Thelma and Louise, if only you could be here now!
“Thelma and Louise” is the iconic 1991 Susan Sarandon (Louise) and Geena Davis (Thelma) movie that was a life-changer for so many women. In the movie, a girls roadtrip morphs into a girls outlaw journey. Thelma dances with a man named Harlan at a bar. Louise shoots Harlan after he tries to rape Thelma. They flee because they know that the criminal justice system won’t believe that he tried to sexually assault Thelma. Because, after all, she danced with him.
I loathe violence and I don’t want to shoot anyone. But I, and I’d bet other women along with our male allies, are having a Thelma and Louise moment after recent events during this presidential campaign. On Oct. 7, The Washington Post released a 2005 video of Donald Trump. On the tape, Trump brags to TV personality Billy Bush about how women let him kiss them and grab their genitals whenever he wants because he’s a “star.” “I did try and fuck her,” he says of one woman, “She was married.”
On Oct. 9, Trump, during the second presidential debate, repeatedly dismissed what he said on the tape about sexually assaulting women – as mere “locker room banter.” “I’m a gentleman, Hillary,” he said, after downplaying his, at best lewd, sexist comments, or, at worst, braggadocio about having non-consensual sex with women, as just “boys will be boys” talk.
Trump, Mr. Macho Man, hasn’t shown much, if any, sincere remorse for his sexist remarks and behavior toward women. First, Trump issued a non-apology, saying he was sorry “if anyone was offended.” “Bill Clinton has said far worse to me on the golf course,” he added.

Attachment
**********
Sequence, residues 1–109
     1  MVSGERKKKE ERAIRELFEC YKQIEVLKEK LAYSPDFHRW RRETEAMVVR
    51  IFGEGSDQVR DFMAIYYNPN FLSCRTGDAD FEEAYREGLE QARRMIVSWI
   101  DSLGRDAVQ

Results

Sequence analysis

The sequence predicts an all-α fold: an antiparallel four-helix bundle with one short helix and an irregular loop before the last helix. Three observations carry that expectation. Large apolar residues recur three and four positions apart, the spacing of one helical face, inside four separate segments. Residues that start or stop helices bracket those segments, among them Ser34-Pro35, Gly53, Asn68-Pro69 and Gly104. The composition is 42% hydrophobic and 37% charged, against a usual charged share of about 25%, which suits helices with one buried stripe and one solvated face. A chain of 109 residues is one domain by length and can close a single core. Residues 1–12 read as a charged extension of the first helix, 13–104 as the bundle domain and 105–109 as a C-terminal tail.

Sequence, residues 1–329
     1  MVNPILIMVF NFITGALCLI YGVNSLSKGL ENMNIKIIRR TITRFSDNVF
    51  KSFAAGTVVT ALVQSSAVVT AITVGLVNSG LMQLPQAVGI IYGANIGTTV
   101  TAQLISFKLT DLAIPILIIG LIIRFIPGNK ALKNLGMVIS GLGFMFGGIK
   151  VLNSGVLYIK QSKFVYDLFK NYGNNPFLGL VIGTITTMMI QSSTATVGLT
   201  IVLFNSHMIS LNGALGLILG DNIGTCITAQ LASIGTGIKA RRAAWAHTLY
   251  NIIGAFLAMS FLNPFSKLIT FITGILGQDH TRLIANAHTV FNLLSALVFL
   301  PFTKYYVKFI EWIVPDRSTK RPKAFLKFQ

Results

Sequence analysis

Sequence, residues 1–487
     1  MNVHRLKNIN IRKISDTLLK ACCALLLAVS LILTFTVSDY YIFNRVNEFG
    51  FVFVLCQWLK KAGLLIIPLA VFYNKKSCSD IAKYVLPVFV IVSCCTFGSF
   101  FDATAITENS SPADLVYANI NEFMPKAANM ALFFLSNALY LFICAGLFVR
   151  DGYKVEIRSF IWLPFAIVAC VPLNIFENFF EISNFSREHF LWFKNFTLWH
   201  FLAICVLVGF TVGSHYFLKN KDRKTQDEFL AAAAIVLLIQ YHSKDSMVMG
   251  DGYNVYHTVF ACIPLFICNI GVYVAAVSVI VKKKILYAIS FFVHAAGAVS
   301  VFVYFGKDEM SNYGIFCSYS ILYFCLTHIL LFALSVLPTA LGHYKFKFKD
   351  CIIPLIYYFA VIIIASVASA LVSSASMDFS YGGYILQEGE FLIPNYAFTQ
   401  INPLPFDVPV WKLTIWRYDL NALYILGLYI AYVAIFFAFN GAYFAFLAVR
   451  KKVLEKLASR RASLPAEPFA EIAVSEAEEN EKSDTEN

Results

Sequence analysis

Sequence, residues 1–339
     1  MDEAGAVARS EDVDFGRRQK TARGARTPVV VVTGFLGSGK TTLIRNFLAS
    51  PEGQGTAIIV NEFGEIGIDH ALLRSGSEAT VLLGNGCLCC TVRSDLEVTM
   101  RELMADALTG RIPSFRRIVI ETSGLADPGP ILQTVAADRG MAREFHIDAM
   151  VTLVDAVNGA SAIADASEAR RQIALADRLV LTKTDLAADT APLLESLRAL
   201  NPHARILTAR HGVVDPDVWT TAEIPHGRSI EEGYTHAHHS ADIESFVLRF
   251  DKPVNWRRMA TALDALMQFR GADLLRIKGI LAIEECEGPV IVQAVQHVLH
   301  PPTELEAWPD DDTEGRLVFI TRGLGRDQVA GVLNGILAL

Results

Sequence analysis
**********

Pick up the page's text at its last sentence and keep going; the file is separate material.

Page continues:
“Anyone who knows me knows these words don’t reflect who I am,” Trump later said, “I said it. I was wrong, and I apologize.”
Trump’s moment of “contrition” lasted for a nano-sec. At the Oct. 9 debate, Trump quickly returned to his usual mode: deny, attack and lie. Contrary to the facts, as the Blade reported, he denied saying that former Miss Universe Alicia Machado had been in a sex tape. “Bill Clinton was abusive to women. Hillary Clinton attacked those same women — attacked them viciously,” Trump said.
Never mind that in 2008, Trump told CNN that it was “nonsense” that Republicans tried to impeach Bill Clinton over the Monica Lewinsky scandal. Or, that in a 1998 CNBC interview he called Paula Jones, who had accused Bill Clinton of sexual assault, a “loser.”
I don’t mean to say that Hillary Clinton is a saint. She has often responded to questions in a lawyerly, defensive manner, and, as is the case with many politicians, sometimes lied. But, it’s impossible to imagine her ever engaging in the sexist behavior that’s the norm for Trump. Most important, Clinton (unlike Trump), if elected president, wouldn’t seek to appoint Supreme Court judges who’d be eager to overthrow the court’s rulings on Roe v. Wade or marriage equality.
Why should the LGBT community care about sexism? Because women are part of the queer community. Queer women have endured not only sexual harassment and sexist comments from hetero employers and co-workers, but misogynistic behavior and slurs from within the LGBT community.
Sexual assault is the most violent type of sexism. The pay gap between men and women, another form of sexism, impacts us right where we live. Subtle forms of sexism, too, are hurtful. Trump’s “locker room banter” packs an emotional punch. So much so that athletes are tweeting that they don’t “banter” like Trump in their locker rooms. “I was a 5 sport athlete in high school. 5 years of college football,” former NFL quarterback Sage Rosenfels tweeted. “Guys don’t talk like that in locker rooms.”
Let’s hope that a much-needed conversation on sexism and sexual assault will emerge from this sleazy election season.
Kathi Wolfe, a writer and poet, is a regular contributor to the Blade.